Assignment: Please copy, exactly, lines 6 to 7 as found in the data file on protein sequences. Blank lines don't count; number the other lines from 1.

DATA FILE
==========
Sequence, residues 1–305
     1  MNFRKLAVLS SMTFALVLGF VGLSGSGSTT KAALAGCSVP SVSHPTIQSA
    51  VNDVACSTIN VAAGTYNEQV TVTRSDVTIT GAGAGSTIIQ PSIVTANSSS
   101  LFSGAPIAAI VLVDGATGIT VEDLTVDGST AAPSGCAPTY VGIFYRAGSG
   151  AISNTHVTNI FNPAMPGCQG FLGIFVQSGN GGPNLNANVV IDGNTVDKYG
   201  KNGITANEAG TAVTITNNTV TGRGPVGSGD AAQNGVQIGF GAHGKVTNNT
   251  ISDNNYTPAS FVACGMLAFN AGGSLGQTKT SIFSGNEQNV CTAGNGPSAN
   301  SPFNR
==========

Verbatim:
   201  KNGITANEAG TAVTITNNTV TGRGPVGSGD AAQNGVQIGF GAHGKVTNNT
   251  ISDNNYTPAS FVACGMLAFN AGGSLGQTKT SIFSGNEQNV CTAGNGPSAN